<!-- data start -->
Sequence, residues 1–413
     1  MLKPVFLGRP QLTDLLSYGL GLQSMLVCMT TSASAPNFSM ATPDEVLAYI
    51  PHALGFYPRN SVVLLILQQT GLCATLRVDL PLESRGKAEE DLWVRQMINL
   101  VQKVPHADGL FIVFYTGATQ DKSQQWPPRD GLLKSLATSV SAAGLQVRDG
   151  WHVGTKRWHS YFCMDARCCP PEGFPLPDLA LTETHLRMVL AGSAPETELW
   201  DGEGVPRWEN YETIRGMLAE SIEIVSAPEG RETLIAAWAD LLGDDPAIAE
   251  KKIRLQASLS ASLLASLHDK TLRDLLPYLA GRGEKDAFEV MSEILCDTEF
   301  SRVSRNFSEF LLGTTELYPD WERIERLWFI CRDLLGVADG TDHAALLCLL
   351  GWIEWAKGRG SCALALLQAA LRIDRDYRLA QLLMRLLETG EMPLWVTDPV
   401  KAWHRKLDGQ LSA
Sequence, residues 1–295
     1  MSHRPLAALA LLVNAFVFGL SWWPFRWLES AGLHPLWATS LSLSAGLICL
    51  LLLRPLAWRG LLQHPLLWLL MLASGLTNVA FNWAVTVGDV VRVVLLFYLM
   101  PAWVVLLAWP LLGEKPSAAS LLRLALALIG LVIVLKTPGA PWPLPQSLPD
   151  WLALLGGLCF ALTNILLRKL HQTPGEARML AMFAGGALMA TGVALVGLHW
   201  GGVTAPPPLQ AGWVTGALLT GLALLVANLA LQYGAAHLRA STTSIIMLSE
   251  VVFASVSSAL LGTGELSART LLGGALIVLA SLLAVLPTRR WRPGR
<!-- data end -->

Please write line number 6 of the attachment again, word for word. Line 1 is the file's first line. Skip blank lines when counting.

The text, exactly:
   201  DGEGVPRWEN YETIRGMLAE SIEIVSAPEG RETLIAAWAD LLGDDPAIAE